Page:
Lowdown: A detective’s daughter is shot at his doorstep, and in contrast to popular opinion it seems the detective was not the target.
If Hitler was a good painter, would I be able to admire his pictures? That theoretical question about the shady border between art and the people behind it is a question that popped to my head as I watched Edge of Darkness. This is because Edge of Darkness is the latest film starring Mel Gibson after the guy took a bit of a break from movie making. Gibson, I couldn’t help notice, is a guy that seriously thinks I am responsible to many of this world’s problems. He is also a guy that genuinely believes I am going to burn in hell for an eternity. Can I enjoy a film whose main attention grabber such a person?
Edge of Darkness tells us of a puritan police detective Thomas Craven (Gibson) living and working in Boston. He picks his bright MIT daughter with whom he hasn’t been in particularly good contact over the years from the train station and brings her home. Shortly after, as the two stand by their doorstep, someone shouts “Craven” and blasts the daughter with a shotgun. Everyone assumes the father was the target of a criminal he helped put behind bars, but slowly it appears as if that might not have been the case. Things unravel fast as Craven visits the nuclear facility his daughter worked for.
Directed very clinically but not inspirationally by Martin Campbell (Casino Royale), Edge of Darkness is a reboot of Campbell’s 1985 TV mini series dealing with atomic hazards. I guess the subject matter received a boost given recent events in Japan, but regardless of that Edge of Darkness is a pretty effective thriller. The film deals with some important ethical concerns, mainly involving the sacrifices of one or a few to save the many. These themes are handled in a manner that explicitly suggests the saint rising from the dead, therefore you can easily see why Gibson might have found this particular role appealing. Indeed, Gibson feels right at home, performing in a manner not unlike the more serious moments of Lethal Weapon's. As much as the question of tolerating him had bugged me, I have to say Gibson fits Edge of Darkness like a glove.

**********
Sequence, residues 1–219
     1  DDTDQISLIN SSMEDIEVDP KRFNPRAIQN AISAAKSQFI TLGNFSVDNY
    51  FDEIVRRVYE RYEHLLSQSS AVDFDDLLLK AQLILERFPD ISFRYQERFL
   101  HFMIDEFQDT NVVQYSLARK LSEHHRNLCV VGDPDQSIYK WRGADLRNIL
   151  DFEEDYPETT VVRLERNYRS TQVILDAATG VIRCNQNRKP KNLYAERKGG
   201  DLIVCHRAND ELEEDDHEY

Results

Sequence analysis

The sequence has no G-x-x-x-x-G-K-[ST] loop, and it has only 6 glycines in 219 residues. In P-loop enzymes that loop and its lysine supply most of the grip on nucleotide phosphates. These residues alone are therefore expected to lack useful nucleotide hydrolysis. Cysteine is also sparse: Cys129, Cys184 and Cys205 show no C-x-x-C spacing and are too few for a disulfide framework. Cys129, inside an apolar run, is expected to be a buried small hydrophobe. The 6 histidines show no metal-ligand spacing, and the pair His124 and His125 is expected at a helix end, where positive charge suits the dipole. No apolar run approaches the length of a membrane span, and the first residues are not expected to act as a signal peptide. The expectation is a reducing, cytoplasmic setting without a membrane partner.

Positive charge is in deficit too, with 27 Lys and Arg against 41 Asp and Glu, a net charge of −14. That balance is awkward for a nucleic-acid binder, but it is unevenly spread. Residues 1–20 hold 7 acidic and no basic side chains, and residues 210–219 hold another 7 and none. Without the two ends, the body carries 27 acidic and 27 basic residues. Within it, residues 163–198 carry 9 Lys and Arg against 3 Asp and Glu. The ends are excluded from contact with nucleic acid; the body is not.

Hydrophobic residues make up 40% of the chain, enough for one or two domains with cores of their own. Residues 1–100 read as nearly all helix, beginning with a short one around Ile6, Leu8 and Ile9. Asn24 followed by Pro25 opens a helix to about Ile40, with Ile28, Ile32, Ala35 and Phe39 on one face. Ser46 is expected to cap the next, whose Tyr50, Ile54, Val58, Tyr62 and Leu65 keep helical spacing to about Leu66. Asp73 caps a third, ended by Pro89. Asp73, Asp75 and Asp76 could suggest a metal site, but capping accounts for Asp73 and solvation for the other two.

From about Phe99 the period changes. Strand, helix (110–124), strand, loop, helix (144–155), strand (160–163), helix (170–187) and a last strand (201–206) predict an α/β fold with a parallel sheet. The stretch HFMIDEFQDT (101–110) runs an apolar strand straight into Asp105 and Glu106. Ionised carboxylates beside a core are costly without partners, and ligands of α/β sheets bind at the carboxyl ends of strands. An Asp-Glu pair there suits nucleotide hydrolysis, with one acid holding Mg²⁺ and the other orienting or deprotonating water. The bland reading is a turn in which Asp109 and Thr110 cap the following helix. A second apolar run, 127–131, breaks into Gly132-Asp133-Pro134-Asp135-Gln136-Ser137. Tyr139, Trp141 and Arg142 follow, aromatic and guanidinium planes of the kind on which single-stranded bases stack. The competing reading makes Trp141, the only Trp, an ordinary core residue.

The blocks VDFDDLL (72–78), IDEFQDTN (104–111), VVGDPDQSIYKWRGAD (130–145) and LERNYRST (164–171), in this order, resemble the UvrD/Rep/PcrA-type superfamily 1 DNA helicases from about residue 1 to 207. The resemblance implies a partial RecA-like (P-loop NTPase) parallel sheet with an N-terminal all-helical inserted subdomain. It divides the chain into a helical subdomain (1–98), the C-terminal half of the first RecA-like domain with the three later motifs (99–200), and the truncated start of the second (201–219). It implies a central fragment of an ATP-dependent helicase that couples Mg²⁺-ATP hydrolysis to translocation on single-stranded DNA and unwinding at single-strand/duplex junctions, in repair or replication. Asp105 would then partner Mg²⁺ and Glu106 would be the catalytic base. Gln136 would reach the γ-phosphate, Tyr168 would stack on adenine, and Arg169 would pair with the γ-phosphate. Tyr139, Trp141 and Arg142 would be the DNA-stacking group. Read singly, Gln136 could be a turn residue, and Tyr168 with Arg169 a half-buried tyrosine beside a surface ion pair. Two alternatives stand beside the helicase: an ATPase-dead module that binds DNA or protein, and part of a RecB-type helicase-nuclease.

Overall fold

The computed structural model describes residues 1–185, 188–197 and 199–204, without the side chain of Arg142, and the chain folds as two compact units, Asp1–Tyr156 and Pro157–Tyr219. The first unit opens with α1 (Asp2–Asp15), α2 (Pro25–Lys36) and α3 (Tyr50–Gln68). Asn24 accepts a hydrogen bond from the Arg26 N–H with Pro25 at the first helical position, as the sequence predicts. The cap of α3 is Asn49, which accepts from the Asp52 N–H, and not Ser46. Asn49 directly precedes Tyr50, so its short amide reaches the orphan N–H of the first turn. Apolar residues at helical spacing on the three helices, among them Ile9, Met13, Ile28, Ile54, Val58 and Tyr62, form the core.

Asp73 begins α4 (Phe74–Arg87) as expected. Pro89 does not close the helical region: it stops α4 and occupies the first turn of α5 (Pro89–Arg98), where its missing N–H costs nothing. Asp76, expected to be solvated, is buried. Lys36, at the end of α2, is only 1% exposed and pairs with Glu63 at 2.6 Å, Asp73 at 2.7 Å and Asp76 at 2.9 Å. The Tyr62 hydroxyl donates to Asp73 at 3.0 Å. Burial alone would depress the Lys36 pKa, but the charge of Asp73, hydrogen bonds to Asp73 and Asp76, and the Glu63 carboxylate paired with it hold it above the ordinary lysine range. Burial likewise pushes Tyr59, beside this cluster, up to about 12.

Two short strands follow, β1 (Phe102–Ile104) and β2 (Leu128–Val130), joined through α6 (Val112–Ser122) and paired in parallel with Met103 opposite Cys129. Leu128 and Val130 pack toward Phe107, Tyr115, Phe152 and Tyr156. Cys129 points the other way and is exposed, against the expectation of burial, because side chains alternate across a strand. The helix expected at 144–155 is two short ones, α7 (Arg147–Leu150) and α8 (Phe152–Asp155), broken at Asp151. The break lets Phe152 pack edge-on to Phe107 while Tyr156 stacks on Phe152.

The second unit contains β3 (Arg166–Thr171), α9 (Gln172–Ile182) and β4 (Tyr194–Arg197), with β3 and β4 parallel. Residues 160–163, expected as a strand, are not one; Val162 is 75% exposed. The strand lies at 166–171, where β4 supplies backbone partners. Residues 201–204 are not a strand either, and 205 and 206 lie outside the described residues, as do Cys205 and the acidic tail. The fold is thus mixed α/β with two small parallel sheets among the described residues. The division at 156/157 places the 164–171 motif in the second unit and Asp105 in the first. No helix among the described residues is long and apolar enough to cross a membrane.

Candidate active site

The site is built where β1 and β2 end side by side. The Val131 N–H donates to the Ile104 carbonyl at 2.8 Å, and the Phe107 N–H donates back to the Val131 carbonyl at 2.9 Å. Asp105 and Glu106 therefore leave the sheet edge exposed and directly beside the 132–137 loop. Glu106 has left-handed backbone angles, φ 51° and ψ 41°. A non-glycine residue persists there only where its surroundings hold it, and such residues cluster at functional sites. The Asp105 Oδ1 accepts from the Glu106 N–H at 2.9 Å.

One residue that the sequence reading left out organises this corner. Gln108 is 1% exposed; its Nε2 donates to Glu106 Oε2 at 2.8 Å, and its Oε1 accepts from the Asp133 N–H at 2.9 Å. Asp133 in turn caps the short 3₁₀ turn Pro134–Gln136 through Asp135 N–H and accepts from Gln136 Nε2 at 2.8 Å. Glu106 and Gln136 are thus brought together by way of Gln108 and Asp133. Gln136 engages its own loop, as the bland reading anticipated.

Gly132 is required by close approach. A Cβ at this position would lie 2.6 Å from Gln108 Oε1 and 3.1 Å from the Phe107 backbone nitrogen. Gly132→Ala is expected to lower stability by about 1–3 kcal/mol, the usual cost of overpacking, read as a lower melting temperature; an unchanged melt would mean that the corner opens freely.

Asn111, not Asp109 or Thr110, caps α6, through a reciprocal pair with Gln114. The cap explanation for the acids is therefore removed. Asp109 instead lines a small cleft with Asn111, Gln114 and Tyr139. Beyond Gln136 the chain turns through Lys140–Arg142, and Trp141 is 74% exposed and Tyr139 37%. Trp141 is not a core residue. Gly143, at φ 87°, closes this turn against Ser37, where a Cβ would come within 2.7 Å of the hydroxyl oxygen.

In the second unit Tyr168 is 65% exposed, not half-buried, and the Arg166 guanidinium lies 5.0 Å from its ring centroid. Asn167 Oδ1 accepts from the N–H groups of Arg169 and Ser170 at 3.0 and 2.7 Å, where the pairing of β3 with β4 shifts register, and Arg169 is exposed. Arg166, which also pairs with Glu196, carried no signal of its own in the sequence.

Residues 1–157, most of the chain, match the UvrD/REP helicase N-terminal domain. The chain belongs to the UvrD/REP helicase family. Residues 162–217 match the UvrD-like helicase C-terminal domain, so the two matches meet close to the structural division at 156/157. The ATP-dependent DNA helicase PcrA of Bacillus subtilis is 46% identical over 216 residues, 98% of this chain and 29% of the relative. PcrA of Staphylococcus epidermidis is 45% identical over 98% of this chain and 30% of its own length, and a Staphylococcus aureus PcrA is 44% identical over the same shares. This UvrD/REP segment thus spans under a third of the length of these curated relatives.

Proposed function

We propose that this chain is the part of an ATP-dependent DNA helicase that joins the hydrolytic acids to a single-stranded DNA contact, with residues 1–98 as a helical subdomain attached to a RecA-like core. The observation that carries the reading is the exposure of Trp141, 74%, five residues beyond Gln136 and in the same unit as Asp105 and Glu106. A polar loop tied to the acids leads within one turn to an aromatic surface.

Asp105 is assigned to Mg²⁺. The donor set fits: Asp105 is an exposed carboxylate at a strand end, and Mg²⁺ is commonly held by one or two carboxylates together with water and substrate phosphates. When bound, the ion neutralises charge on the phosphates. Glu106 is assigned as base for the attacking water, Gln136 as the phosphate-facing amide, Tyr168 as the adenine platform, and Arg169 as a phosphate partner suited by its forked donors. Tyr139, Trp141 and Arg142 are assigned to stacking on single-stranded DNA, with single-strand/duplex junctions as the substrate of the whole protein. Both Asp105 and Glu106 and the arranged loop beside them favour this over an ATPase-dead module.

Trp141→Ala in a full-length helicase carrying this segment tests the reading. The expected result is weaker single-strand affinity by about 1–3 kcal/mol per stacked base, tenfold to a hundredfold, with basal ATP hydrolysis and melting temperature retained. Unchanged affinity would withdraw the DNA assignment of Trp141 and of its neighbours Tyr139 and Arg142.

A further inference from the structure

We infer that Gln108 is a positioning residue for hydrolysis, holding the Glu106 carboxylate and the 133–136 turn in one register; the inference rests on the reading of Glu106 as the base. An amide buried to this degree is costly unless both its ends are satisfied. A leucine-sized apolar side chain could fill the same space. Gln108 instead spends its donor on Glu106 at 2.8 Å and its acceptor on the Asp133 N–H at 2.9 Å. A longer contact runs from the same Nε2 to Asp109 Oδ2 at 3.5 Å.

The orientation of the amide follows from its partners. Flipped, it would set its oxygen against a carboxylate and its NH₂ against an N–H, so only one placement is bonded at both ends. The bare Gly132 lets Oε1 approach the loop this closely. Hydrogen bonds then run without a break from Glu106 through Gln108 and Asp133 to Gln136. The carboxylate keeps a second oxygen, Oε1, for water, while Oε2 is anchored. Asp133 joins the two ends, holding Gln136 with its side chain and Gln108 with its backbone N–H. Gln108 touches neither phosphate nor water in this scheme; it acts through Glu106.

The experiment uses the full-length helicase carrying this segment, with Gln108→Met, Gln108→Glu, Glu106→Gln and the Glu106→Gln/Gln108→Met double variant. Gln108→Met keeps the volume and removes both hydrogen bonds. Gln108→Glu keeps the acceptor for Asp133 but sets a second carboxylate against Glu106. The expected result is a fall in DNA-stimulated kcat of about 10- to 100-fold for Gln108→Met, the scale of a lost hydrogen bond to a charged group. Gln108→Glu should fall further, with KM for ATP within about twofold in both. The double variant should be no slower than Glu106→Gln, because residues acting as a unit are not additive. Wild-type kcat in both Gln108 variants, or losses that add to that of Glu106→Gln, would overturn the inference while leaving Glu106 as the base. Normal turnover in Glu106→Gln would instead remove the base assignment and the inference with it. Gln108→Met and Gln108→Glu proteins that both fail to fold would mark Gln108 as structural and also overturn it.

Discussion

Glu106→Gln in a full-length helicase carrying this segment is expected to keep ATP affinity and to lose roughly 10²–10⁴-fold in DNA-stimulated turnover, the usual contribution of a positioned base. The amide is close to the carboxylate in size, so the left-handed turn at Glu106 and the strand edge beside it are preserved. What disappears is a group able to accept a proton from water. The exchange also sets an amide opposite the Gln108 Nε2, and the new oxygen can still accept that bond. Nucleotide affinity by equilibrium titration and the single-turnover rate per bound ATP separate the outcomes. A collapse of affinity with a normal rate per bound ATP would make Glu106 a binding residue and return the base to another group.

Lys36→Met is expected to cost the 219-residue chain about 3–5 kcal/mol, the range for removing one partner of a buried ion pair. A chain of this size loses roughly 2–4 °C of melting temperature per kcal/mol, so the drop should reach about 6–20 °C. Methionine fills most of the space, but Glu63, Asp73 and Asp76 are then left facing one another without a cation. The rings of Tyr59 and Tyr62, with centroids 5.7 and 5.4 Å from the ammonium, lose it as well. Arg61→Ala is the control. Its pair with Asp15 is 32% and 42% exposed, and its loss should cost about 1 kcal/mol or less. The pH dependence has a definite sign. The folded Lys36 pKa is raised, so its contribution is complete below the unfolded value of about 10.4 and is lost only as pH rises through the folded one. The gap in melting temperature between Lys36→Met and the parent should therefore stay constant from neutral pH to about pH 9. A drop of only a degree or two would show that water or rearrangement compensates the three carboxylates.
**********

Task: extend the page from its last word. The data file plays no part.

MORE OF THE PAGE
Which brings me back to the question of whether it is possible to enjoy a film when its star induces justified negative reactions. My answer? Yes, I was able to enjoy Edge of Darkness; I quite enjoyed it, matter of fact. Gibson’s character, with his attire and posture, even reminded me of the deceased uncle of mine that I loved so much; it would be hard for me to come up with a greater compliment. I’ll put it another way: being able to enjoy the helicopter scene from Apocalypse Now, with its Wagner music, does not make a Nazi out of me in any possible way.
Leaving Gibson aside, I have to say I greatly enjoyed the performance given by Ray Winstone. Playing a British mop-up “consultant” hired by the baddies, Winstone manages to play up both sides of the ethical dilemma extremely effectively. So effectively that he points at a major reliability problem with the film, which is – how come the Gibson character is allowed to live for as long as it needs to get into the bottom of things.
Best scene: Gibson meets a terrified friend of his daughter’s at a remote area. The meeting is held in his car. The friend wants to get out of the car but stays, then wants to come out again and stays to provide yet another tip to Gibson, then… This well orchestrated scene feels like it came from a Hitchcock movie.
Technical assessment: While this Blu-ray offers fine picture quality, I couldn’t help being annoyed at the too subtle a role that sound plays in Edge of Darkness. The whole affair is pretty subdued, sound wise, other than for a few seconds long bursts of action.
Overall: A good thriller with something to think about that left me at the doldrums between 3 and 3.5 out of 5 stars.